EMERGING MARKETS

China’s economy posted annualised growth of 6.9% during the second quarter of 2017, having alsoexpanded by 6.9% during the first three months of the year. This growth exceeded the Chinese government’s official annual economic growth target of around 6.5%. Although the news was generally well received, it did not manage to allay broader concerns over the impact of China’s mounting debt burden, excess capacity in the manufacturing sector, and worries over a bubble in the property sector. The Shanghai Composite Index rose by 2.6% during July.

The International Monetary Fund (IMF) upgraded its forecast for China’s economic growth in 2017 from 6.6% to 6.7%, and in 2018 from 6.2% to 6.4%, citing the country’s “policy easing and supply-side reforms”. China’s industrial output rebounded in June, rising at an annualised rate of 7.6%; meanwhile, imports grew at an annualised rate of 18.9% during June, while exports rose by 8.5%. Elsewhere, retail sales increased to their highest level for more than a year during June, rising at an annualised rate of 11%. During July, China’s authorities launched a new programme – Bond Connect – which is designed to open the country’s bond market and make it easier for foreign investors to buy and sell Chinese bonds.

In India, pressure on central bank policymakers continued to intensify amid calls to cut interest rates. The Reserve Bank of India’s (RBI’s) key interest rate currently stands at 6.25%. Disappointing inflation figures were compounded by lacklustre industrial production data in July. Annualised consumer price inflation fell from 2.18% in May to 1.54% during June, while the rate of wholesale price inflation dropped from 2.17% to 0.9%. The CNX Nifty Index rose by 5.8% during July.

Brazil’s economic growth is likely to remain weak for a prolonged period, according to a report by the World Trade Organisation (WTO), although the WTO expects the country to begin a gradual recovery over 2017. The WTO believes that, although Brazil’s fundamentals are generally solid, the economy remains vulnerable to fresh political uncertainties and delays in tackling fiscal imbalances and structural reforms. Meanwhile, the International Monetary Fund (IMF) believes that Brazil’s economy is reaching a “turning point”; nevertheless, like the WTO, the IMF remains concerned about the impact of political instability. Over July, the benchmark Bovespa Index posted a rise of 4.8%.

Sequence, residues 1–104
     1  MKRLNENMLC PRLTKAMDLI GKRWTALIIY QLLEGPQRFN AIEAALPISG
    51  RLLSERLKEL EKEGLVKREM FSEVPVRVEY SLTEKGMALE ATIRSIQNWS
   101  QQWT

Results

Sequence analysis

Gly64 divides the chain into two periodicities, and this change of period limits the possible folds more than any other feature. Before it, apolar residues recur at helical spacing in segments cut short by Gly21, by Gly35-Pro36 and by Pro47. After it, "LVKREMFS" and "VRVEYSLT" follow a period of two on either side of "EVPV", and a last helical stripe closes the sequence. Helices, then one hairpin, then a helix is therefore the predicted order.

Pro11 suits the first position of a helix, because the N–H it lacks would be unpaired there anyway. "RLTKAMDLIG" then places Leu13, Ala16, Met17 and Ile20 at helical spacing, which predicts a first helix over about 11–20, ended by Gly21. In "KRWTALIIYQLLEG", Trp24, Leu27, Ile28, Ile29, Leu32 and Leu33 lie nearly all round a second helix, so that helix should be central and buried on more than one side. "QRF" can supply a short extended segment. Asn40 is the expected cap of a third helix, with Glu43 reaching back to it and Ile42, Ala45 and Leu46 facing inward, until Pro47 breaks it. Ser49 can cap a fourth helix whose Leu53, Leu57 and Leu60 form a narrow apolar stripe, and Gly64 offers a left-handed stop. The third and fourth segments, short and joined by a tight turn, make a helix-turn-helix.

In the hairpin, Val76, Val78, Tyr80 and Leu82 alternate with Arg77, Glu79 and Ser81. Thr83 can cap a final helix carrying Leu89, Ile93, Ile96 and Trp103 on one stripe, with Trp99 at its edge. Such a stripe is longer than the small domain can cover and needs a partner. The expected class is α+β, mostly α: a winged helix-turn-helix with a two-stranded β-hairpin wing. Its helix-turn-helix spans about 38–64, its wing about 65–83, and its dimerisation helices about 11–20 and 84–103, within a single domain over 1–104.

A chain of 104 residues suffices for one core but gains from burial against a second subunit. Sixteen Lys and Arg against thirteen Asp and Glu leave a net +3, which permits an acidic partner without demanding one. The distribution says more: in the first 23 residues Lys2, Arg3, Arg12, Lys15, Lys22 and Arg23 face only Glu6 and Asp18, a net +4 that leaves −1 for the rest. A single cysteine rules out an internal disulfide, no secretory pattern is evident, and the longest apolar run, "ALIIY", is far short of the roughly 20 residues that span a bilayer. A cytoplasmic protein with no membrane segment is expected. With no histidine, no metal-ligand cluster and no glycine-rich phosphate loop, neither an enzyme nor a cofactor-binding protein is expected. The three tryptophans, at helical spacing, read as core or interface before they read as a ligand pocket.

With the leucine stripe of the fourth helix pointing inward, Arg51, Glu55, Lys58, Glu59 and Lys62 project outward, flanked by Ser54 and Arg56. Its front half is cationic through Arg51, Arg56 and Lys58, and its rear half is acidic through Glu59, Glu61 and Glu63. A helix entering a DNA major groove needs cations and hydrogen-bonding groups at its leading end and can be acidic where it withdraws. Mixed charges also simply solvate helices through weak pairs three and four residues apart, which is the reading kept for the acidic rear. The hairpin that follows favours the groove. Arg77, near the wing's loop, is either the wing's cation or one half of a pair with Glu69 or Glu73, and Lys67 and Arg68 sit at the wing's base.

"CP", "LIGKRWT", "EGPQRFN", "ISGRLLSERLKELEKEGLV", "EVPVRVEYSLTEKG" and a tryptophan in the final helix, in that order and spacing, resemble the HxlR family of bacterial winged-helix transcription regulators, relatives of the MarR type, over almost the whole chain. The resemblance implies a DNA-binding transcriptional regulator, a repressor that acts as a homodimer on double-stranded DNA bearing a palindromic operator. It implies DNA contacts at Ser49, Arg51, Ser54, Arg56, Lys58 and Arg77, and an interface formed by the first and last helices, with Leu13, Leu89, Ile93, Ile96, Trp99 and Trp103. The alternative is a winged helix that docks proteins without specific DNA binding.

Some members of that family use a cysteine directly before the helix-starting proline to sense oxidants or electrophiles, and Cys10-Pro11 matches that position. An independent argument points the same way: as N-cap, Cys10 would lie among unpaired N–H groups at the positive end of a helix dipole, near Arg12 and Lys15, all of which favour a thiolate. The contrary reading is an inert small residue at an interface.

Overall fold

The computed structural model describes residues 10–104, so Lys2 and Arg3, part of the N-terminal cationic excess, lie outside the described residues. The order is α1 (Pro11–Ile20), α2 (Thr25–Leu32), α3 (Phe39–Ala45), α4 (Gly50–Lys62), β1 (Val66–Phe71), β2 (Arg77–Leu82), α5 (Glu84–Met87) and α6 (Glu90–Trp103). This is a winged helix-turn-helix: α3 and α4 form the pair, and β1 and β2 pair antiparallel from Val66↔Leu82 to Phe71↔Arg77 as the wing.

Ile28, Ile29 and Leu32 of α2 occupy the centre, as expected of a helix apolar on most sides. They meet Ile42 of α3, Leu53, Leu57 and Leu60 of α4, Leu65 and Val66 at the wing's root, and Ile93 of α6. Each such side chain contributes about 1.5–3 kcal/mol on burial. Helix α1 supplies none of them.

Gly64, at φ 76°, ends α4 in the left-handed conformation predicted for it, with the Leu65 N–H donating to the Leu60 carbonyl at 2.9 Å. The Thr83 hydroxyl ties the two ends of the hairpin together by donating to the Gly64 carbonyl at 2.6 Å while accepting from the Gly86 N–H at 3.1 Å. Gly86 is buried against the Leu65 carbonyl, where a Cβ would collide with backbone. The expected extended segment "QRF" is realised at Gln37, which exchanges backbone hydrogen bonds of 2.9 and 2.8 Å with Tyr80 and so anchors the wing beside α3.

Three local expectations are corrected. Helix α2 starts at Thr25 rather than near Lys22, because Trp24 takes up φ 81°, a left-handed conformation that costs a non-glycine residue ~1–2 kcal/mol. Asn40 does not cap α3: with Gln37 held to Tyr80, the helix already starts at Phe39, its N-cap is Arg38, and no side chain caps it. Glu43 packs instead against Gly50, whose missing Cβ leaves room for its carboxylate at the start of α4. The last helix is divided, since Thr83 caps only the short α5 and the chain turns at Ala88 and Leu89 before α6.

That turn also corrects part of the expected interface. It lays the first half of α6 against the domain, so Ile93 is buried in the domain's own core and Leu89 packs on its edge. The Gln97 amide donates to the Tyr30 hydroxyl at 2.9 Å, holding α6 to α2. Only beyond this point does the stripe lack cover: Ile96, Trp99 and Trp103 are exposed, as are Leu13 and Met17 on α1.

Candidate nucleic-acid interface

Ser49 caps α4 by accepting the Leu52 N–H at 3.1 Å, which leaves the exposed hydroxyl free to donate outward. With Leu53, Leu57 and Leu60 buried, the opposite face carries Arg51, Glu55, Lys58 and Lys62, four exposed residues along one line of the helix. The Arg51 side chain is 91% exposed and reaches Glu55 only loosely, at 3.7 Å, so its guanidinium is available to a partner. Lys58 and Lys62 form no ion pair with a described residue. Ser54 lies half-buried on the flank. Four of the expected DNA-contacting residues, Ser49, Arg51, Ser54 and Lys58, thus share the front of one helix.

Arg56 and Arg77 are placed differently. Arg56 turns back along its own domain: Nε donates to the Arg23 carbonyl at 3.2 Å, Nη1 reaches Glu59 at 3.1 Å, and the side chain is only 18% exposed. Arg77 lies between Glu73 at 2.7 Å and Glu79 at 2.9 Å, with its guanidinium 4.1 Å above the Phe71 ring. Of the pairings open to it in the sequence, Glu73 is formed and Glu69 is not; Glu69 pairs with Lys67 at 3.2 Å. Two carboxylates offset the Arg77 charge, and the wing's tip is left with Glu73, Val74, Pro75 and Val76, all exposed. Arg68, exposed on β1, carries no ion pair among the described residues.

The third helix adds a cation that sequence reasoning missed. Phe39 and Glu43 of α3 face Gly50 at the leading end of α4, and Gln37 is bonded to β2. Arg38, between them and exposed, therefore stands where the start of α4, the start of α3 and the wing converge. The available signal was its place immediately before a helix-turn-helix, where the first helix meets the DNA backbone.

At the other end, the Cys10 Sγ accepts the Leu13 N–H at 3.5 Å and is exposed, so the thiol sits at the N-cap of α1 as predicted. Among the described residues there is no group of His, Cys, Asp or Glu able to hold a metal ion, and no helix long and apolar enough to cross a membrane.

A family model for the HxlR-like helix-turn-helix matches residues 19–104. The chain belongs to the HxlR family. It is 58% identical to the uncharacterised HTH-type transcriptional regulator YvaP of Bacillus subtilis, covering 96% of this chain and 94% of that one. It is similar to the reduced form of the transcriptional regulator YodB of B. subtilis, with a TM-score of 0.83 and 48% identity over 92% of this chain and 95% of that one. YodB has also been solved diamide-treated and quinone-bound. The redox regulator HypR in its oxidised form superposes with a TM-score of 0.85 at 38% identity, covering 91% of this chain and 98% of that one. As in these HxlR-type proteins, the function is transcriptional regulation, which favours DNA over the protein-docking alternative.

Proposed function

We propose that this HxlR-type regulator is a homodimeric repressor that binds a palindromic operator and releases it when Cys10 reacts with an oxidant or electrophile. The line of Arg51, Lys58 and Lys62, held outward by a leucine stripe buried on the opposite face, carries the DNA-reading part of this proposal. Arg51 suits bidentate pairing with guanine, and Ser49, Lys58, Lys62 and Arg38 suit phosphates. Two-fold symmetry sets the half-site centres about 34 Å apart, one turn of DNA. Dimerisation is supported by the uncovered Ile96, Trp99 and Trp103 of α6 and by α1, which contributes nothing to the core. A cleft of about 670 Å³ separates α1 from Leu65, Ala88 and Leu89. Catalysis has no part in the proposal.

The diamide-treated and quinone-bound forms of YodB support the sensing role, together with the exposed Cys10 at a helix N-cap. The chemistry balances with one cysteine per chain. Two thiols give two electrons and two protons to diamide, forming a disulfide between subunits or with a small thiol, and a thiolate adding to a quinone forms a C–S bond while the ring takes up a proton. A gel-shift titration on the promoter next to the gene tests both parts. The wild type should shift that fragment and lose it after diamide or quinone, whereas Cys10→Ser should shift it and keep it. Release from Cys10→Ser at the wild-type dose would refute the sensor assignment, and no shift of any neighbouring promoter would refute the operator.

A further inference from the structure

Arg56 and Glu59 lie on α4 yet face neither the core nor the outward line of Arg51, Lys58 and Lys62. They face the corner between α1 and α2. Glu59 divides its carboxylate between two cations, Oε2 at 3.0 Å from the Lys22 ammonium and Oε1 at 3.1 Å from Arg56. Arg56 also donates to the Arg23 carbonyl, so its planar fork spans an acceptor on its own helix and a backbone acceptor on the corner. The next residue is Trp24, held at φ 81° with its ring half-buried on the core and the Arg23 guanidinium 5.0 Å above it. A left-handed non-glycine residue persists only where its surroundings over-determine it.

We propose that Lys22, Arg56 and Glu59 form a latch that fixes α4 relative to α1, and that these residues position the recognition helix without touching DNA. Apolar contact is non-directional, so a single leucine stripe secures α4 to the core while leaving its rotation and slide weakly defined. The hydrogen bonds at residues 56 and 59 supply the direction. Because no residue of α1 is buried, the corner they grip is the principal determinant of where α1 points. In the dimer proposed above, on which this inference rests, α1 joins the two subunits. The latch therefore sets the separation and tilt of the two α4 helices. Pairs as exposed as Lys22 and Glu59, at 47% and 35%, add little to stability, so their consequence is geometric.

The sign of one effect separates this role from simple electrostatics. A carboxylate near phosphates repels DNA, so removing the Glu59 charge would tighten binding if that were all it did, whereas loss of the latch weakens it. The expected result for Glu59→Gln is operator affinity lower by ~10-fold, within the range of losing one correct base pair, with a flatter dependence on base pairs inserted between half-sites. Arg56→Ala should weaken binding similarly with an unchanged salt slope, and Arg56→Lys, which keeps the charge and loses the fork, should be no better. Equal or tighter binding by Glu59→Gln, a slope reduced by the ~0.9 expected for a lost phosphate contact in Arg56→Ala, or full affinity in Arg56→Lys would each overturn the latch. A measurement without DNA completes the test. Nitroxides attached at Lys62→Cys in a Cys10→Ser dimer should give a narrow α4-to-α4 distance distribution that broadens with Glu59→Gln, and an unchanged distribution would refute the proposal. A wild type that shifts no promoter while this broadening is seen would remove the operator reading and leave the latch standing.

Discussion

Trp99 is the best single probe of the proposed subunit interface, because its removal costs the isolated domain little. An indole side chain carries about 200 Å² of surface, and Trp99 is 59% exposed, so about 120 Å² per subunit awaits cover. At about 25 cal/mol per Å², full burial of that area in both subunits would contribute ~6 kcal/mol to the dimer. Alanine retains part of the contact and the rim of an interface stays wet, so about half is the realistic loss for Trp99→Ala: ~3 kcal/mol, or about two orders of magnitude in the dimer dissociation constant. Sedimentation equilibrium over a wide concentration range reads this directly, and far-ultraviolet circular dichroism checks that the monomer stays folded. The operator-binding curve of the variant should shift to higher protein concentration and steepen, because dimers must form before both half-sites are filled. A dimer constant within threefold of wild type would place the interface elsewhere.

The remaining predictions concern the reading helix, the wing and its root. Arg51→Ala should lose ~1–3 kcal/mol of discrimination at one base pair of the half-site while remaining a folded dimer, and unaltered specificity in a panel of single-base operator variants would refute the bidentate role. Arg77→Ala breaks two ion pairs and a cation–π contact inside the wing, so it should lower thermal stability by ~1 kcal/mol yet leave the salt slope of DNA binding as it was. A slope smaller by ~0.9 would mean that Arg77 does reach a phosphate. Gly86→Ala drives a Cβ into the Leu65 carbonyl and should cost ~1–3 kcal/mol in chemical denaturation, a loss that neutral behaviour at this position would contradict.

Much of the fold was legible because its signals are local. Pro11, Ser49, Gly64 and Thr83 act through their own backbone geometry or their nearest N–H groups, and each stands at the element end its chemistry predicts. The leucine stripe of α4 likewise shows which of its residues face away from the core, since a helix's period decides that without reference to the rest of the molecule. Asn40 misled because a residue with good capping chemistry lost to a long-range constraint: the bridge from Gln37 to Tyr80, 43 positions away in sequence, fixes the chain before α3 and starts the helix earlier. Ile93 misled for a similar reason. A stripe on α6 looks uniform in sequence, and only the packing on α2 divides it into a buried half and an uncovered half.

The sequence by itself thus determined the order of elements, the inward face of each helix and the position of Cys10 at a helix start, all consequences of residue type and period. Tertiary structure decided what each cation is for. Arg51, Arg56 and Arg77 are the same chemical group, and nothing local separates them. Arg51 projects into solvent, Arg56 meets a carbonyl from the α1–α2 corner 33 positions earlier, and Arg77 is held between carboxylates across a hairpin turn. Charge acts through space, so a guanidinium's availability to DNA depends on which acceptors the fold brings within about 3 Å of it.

A PDF version of the commentary is available here

by Graham Bond 05 Jul, 2017

Time and time again forecaster try to predict what will happen in the future to Stock Markets. In reality, nobody knows what Markets will do next.

The Wall Street Journal in the US recently published an article about the performance of Global Stocks and Shares. The article was called, “ Global Stocks Post Strongest First Half in Years, Worrying Investors .”

“The question for stocks and shares investors is whether the strong first six months of 2017 heralds a choppier second half or the start of a multiyear upswing. The data on global rallies offers a mixed record.”

In plain English, this means:

 “It’s impossible to predict whether markets will go up or down for the latter half of the year. Markets could go up or down or even trade sideways.”

The newspaper article also reported that: “Most of the major stock Market Indexes, 26 in total have risen in value so far in 2017. The last time this happened was in 2009.